Carlton says he uses chalk. “Before the crew shows up, we have a chalker. We completely lay out all the contours and designs and draw in all the score lines. Then we take digital pictures and give them to the crew leader.
“We’ve tried water hoses and PVC pipe but chalk is the best and most inexpensive way I’ve found [for design work],” Carlton says. If the client wants to make changes, the chalk is easy to rub out and alterations can be made before the crew shows up for work. “It’s more costly to move forms,” he says.
Adamson, whose company works closely with contractors, strongly believes in using templates to create complex designs. “The contractor sends us a likeness and we make a template from that,” he says. Engrave-A-Crete’s templates are made of a half-inch thick plastic material that can be used over and over.
His company also has a variety of tools that are used to engrave concrete. They can be used to produce patterns from simple brick to more complex circular ones.
Getting away from square tiles
Jones often uses PVC pipe to help him draw curves and “create big swirls.” He also is big on using “found objects,” from the halved fish mentioned earlier to paddles, leaves, torn paper and even piles of sawdust.
Just like his inspiration, the artist Kandinsky, Jones’ designs are often a conglomeration of layers of colors and shapes. To achieve his designs, he covers the area two, three or four times. “On day one, we’ll put a square on two thirds of the room in one color. The next day we’ll put a circle on part of that in another color. The next day it’ll be a triangle in yet another color coming in from a different angle,” he cites as an example. In between these layers, he sands and smoothes the floor to achieve varying textures. “The transition between colors is vital to the overall design,” he emphasizes.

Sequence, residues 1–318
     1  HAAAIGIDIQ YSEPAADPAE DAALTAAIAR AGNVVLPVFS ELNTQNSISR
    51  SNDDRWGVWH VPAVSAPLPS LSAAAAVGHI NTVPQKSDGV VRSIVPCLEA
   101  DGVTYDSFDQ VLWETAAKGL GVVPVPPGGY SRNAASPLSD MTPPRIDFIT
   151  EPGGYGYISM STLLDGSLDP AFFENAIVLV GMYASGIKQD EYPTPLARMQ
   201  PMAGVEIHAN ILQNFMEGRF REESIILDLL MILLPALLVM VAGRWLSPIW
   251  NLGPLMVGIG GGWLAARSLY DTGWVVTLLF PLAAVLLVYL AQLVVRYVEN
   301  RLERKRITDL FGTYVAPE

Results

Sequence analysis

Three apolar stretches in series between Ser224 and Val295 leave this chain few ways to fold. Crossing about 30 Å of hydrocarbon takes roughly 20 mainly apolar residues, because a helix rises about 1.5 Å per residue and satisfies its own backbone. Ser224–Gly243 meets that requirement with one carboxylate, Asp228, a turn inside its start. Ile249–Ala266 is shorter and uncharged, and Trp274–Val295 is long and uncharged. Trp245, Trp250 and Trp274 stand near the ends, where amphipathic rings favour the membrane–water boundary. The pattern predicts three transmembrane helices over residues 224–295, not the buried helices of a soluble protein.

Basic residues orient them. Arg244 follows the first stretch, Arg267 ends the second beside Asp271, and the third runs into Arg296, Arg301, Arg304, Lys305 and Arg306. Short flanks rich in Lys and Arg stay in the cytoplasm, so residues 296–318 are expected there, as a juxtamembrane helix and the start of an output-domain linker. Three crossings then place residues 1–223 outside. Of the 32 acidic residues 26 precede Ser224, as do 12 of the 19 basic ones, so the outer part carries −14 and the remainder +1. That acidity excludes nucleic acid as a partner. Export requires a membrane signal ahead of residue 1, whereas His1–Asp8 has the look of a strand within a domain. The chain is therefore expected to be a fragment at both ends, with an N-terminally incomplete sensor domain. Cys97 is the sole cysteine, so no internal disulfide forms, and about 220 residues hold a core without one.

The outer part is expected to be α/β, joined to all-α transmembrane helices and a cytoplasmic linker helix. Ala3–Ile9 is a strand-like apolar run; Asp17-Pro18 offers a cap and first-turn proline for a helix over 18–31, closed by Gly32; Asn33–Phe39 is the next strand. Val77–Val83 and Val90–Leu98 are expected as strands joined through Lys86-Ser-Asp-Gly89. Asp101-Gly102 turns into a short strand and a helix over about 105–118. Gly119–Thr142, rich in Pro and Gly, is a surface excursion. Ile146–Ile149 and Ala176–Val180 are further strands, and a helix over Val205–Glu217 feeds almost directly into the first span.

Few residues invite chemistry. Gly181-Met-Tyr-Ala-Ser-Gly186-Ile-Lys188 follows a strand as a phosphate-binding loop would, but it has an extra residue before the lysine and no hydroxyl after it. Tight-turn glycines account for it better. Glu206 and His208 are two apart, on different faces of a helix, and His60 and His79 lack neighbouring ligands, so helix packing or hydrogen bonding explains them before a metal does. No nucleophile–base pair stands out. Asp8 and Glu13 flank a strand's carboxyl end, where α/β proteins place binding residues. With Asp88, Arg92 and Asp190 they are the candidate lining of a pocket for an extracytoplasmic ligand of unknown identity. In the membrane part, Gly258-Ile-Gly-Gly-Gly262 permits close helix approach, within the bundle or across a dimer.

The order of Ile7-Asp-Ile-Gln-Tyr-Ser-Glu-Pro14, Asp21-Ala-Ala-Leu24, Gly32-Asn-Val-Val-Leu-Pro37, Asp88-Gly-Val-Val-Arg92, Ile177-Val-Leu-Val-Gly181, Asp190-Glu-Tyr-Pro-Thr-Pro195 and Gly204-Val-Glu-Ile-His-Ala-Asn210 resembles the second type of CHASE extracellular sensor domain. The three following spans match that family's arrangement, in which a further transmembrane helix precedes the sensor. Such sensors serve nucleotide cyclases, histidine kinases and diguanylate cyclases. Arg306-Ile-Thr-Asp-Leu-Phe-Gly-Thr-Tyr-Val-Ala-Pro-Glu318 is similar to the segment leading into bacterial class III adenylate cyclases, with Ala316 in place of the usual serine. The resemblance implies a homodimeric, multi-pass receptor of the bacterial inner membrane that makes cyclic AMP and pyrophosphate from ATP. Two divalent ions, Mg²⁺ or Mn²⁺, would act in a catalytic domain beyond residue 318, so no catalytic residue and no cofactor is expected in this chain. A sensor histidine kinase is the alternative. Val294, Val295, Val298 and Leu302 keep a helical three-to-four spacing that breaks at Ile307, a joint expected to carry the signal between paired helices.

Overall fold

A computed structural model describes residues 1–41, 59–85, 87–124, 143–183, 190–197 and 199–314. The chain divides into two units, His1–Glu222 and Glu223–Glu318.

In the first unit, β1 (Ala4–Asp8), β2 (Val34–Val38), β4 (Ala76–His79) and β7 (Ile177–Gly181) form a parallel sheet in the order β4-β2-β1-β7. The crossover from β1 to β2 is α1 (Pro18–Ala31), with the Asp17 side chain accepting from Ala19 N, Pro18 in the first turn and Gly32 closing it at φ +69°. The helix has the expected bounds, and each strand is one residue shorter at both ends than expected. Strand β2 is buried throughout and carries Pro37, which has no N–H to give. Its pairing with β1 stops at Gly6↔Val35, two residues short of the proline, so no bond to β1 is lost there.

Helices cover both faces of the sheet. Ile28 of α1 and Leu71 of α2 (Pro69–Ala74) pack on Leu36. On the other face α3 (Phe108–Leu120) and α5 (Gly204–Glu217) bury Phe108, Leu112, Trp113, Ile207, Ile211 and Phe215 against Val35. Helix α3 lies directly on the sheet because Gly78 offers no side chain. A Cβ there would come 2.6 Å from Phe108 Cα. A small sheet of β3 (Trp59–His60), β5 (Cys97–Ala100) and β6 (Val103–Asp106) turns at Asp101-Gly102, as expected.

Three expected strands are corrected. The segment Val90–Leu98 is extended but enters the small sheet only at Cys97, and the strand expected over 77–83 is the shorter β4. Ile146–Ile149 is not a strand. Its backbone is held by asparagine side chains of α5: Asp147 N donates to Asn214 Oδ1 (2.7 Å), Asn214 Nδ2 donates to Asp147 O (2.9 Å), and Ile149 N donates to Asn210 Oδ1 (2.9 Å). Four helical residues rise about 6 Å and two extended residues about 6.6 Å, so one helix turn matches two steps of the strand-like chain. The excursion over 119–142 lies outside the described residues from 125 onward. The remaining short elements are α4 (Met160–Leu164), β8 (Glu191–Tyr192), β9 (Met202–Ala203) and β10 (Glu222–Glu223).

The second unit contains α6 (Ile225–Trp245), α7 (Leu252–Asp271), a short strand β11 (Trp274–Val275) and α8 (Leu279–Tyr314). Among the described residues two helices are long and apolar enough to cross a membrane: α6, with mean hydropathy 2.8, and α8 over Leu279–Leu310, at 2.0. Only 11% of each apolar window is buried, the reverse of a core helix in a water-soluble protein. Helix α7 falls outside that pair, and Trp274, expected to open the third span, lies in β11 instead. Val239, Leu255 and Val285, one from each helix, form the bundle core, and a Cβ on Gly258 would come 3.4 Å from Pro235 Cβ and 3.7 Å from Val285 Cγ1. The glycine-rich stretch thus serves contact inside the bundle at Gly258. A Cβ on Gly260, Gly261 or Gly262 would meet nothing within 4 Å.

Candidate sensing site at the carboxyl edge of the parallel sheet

With his technique, the various shapes take the colors differently because the thickness is different. In the end, “You can almost see through the concrete layers like Venetian plaster. But it’s very subtle. You really have to look at it to see the different colors.”
During this process, he also sometimes employs piles of sawdust. “We’ll take clumps of sawdust and randomly place them on the floor before we spray a color. The next day, we’ll vacuum up the dust. Beneath it, that area didn’t get any of that particular color.” The process is repeated elsewhere during the subsequent layers. Sometimes, he says, they seal some areas and not others during the layering process to create visual images. “They’re very simple techniques really,” he admits, but the results can be stunning. “People used to think of floors as something you just walk on. There’s no reason they can’t be a piece of artwork.”